Fourier components that contribute to iid noise can be
detected with a suite of tests (Brockwell and Davis,
2002): (1) the maximum and minimum values of the
sample autocorrelation function, (2) the sample value of
the Ljung-Box statistic, (3) the sample value of the turning-point statistic, (4) the sample value of the difference
sign statistic, (5) the rank test (Kendall and Stuart,
1976) for the existence of a trend, and (6) testing for the
possibility to fit an autoregressive model with the YuleWalker algorithm. These tests have been carried out in
the case of the 25 Chinese outlines, but the details are
too involved to be presented here. As a rule of thumb,
some 20 harmonics need to be retained.
The successful characterization of general biological
principles that lead to highly individualized pneumatization morphologies is, as is to be expected, unorthodox.
This review shows that a suite of statistical techniques
does exist and that they can successfully assess morphology, but only by modeling the pneumatization (i.e.,
its cellular process). It is interesting that a reductionist
modeling approach can extract biologically relevant macromorphological features that conventional morphometrics methods fail to find. The PCMs presented here offer
an added bonus: they may resolve the masticatory stress
Chewing results in compression waves (albeit of very
small amplitude) propagating through the facial skull,
including the outer frontal bone. Bone modeling
(osteonal remodeling) is a competition between osteoblast and osteoclast activity, which is best modeled by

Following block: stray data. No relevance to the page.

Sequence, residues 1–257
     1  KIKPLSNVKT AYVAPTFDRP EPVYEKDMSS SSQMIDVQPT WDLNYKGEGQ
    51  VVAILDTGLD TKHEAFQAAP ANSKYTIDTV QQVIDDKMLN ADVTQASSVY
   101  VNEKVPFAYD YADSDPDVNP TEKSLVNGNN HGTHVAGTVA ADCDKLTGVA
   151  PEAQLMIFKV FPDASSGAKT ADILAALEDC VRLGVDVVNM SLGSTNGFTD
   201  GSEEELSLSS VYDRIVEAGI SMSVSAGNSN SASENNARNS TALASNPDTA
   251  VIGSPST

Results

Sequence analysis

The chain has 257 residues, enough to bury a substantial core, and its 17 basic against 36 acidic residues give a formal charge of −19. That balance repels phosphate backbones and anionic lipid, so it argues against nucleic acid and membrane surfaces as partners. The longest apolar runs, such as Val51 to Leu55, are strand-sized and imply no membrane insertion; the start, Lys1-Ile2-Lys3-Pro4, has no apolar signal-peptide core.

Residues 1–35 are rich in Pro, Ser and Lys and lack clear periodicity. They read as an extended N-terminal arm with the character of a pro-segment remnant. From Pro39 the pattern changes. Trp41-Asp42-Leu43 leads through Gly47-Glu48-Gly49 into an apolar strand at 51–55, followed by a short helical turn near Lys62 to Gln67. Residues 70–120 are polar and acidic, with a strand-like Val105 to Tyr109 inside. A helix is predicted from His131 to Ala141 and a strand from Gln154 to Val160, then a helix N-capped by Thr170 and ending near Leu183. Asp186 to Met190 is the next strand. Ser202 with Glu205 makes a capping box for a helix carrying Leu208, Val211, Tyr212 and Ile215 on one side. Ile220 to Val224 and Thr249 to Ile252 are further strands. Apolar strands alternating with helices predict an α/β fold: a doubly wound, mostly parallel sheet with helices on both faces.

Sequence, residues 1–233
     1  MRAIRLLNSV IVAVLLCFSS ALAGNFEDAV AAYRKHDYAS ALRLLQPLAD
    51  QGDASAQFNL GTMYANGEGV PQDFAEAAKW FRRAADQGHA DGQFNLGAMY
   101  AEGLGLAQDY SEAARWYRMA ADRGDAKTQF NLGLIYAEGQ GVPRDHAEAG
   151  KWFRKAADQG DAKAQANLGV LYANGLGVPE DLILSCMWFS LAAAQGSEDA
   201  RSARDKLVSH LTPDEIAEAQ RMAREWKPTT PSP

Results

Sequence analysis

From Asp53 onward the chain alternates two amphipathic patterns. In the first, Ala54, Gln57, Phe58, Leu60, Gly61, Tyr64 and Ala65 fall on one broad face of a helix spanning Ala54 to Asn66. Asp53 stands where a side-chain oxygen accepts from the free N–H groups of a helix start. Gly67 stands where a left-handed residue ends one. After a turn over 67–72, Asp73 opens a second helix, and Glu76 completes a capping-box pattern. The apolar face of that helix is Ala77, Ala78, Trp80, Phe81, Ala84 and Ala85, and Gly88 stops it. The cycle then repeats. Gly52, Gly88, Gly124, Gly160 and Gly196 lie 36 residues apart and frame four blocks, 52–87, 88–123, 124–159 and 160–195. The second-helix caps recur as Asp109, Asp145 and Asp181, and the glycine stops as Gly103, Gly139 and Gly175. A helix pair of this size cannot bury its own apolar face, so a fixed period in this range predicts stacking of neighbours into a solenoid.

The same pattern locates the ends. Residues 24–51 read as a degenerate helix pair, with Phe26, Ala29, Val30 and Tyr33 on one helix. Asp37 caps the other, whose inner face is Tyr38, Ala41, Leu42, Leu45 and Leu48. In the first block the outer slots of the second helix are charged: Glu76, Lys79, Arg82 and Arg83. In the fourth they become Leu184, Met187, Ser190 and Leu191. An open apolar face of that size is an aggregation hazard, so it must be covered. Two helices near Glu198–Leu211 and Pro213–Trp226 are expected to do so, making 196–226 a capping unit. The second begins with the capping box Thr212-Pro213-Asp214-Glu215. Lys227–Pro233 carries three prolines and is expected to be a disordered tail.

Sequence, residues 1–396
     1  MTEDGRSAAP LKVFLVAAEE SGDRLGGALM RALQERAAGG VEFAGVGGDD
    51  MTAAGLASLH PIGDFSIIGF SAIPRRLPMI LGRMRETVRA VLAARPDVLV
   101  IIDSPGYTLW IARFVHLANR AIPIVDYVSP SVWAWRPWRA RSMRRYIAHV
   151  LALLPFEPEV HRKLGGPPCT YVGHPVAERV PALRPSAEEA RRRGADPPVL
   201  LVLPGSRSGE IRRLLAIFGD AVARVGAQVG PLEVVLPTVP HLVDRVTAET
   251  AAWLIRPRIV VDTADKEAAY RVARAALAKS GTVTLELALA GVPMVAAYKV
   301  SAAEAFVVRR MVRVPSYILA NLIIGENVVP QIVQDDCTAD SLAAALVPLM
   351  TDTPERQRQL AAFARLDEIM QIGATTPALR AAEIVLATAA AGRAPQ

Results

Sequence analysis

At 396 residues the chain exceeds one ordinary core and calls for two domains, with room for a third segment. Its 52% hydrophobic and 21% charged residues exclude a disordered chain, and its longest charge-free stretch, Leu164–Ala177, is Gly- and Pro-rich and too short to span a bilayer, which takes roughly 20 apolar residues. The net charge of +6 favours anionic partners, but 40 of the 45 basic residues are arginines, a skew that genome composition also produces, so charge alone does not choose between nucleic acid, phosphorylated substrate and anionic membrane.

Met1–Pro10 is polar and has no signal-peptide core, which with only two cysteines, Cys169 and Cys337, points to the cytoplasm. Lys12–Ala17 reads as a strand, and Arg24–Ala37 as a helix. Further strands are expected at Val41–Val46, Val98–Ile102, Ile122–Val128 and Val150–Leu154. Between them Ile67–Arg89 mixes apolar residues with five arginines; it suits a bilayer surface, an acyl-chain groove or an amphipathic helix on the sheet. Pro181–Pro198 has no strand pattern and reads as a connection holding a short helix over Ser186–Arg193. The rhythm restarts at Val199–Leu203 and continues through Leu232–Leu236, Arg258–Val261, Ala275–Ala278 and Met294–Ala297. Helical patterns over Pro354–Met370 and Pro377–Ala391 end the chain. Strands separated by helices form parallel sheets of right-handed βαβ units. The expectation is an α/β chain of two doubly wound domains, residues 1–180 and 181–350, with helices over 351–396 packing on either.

PCM. The resulting pinning sites are stochastically distributed along the perimeter. Wherever they form, however, they lag more and more behind as the perimeter
list lengthens. The lamellae (the set of pinning sites)
therefore have an observable morphology (Fig. 2b). They
apparently form rib-reinforced architecture. The ‘‘masticatory stress debate’’ (Prossinger et al., 2000a; Ravosa
et al. 2000b) has heretofore been inconclusive, because
the observed large frontal sinuses imply a mechanical
response, yet the stresses could not be detected in vivo
(Hylander and Ravosa, 1992). The PCMs show that
lamellae emerge because of mechanical stresses and
strains, but their amplitudes are so small that they can
hardly be detected with strain gauges applied to the
browridges and faces of small primates. And, to boot,
the strain gauges were not attached to the lamellae. A
careful morphological analysis, which necessitates modeling of fractals, resolves this debate. The lamellae,
then, are the responses to masticatory stress, not the
large frontal sinuses per se.
On the other hand, the mechanical strains/stresses,
although responsible for the emergence of the lamellae,
do not explain why the pneumatization occurs in the
first place. The pneumatization itself must be due to
phylogenetic/ontogenetic processes (Leicher, 1928). The
pneumatization of the diploë between inner and outer
table of the frontal bone is described as a difference in
growth rates of the two growth fields (Enlow, 1975; Liebermann, 2000). What happens within the diploë needs
to be ‘‘described’’ (more precisely: mathematically modeled) as well. It is therefore reasonable—even necessary—to analyze frontal sinus morphology using PCMs.
Such analyses should give insight into the emergence of
phylogenetic trees, or at least clades.
Morphological assessment using PCMs also explains
another observed feature: why the lamellae distribution
in a population is (statistically) noisy yet has an
observed quasi-regularity (Figs. 1 and 2) in each single
individual. The PCM algorithm shows that the pinning
sites occur stochastically. It is their lagging that is
enhanced by mechanical (in the case of frontal sinuses!)
feedback mechanisms, the quenched noise effect. No two
lamellae patterns can be expected to be the same, the
probability (the product of two very small probabilities)
for that is miniscule. Using PCM algorithms, therefore,
shows why the projection of frontal sinus outlines can be
used as ‘‘fingerprints’’ unique to an individual. In projection, the lamellae generate the (stochastically emerging)
outlines. PCMs supply a justification for the statistics of
fractal forms.
PCMs do not predict that the volume distributions are